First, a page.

Thursday, October 22, 2015

The world of Japanese Kitchen Cutlery and Swords

Image result for Damascus gyuto
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Pictured: Tanaka Blue #2 240mm Damascus Gyuto
So what do kitchen knives have to do with Japanese swords?  Not only are the Japanese famous for their swords, they are also famous for their knives.  Kitchen knives to be precise.

In Japan, tradition and pride in the quality of craftsmanship are things not taken lightly.  This stems from the high quality swords sword smiths produce.  However as the world is modernizing, knowledge of the traditional arts are being forgotten. But the traditional manufacturing processes still continues to this day.

The traditional sword manufacturing process is actually comprised of many cottage industries, where specialized individuals and companies do very specific work to a sword in order to turn it from formless iron sand into a magnificent work of art.  From the sword smith to the polisher, handle maker, saya maker, handle braider, saya painter, and metal fittings maker, they all combine their professional knowledge in order to create a wonderful end product.

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This tradition of keeping highly knowledgeable individuals doing specialized work is also apparent in the Japanese knife industry.  There are many individual knife smiths, both at the master level and apprentice level who hand forge raw pieces of steel and iron to create a knife blank.  This knife blank is then passed on to a knife sharpener and polisher, who shapes the blade according to the desired specifications. Then it is sent off to get a handle attached.  There are a large variety of handle styles, both western and traditional Wa-handles as well as many different materials that can be used.  Finally, if requested, additional pieces such as a saya and even lacquer work can be added to the knife to give it a unique, beautiful character.
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Most Japanese made kitchen knives take the form of a clad knife, with a harder steel core and iron, stainless steel, or damascus steel clad sides.  Basically, double edged knives generally have sanmai lamination, as is seen in some nihonto blades.  Single bevel knives like a Yanagi sushi knife are clad on only one side.  They are generally through-hardened with rockwell hardnesses of 60-67 HRC.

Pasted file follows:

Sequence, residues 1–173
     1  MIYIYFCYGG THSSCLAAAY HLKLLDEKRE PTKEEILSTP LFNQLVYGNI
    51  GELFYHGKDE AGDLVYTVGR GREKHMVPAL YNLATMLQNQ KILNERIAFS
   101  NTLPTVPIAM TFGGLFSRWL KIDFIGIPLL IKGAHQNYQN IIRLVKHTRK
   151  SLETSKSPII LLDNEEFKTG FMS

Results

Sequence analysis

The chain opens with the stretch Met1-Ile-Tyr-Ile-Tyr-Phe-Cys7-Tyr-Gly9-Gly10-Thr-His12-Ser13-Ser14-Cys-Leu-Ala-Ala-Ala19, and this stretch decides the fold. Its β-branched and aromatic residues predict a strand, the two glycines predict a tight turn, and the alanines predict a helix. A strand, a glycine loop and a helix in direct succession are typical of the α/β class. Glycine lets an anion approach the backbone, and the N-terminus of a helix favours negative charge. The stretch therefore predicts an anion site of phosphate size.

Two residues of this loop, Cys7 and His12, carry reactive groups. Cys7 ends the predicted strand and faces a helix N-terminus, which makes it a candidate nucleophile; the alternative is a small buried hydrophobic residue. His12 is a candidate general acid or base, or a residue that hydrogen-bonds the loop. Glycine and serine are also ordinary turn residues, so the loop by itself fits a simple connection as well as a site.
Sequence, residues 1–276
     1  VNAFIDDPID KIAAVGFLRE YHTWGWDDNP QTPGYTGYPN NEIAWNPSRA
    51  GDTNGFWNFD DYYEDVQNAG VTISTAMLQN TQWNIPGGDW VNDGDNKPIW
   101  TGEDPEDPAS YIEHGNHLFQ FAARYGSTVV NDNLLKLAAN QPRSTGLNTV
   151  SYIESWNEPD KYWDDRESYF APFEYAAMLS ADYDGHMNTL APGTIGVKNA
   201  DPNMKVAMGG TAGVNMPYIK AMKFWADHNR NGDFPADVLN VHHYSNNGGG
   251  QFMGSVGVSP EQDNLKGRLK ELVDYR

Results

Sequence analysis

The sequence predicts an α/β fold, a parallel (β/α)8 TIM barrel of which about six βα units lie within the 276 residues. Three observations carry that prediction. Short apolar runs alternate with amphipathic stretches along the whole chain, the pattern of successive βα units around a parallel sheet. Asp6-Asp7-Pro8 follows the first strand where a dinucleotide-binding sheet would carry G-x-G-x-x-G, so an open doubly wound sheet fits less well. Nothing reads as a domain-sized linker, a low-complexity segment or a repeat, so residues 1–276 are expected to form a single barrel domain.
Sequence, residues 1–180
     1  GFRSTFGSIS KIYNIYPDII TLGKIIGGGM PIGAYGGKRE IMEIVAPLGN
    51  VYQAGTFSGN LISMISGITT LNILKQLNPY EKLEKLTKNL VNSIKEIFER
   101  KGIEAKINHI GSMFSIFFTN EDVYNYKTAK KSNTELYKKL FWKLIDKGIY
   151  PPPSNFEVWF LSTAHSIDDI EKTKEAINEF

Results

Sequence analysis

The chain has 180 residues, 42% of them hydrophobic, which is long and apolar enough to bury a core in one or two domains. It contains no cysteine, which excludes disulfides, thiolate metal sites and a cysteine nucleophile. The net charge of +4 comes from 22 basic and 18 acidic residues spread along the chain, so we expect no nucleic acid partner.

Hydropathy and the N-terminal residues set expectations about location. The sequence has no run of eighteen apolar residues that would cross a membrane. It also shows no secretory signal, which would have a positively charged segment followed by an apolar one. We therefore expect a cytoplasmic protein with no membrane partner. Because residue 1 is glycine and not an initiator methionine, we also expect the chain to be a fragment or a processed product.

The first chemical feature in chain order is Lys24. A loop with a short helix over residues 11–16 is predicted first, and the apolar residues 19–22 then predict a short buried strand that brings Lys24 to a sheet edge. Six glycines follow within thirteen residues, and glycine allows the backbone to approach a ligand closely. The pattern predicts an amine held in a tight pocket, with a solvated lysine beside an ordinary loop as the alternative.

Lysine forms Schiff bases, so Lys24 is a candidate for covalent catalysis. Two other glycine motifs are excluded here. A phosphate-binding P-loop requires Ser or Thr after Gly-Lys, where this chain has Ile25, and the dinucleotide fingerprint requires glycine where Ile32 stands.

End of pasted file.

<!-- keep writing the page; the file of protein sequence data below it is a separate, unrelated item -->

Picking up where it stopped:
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Then the quintessential absolute peak a knife smith can achieve in knife making is the honyaki knife.

Specifically the mizu-honyaki knife or water quenched knife made out of a single piece of steel.  Does the water quenching sound familiar to you?  It should, because it follows the long tradition of differentially hardening taken from sword smithing techniques and applies it to knife making.  The master blacksmith would hammer out the blade shape from a single piece of steel.  Knives with a hamon are never clad due to the different rates of cooling and hardening that can occur if it is clad, which may cause cracks, torquing, and uneven hardness in such a thin piece of metal.  The knife is then coated in clay just like a katana and heated to critical temperature and plunged into water.  As the knife is polished, the hamon will begin to appear and the knife turned into a super sharp chef's wet dream.  Just take a look at the Konosuke Honyaki Gyuto video below and you'll see why there are a lot of Japanese kitchen knife fanatics.

Just like with swords, there really is no limit to what you drool over thanks to the internet.  All I can say is you may feel like you're going down multiple rabbit holes that end up with nice sharp pointy things.

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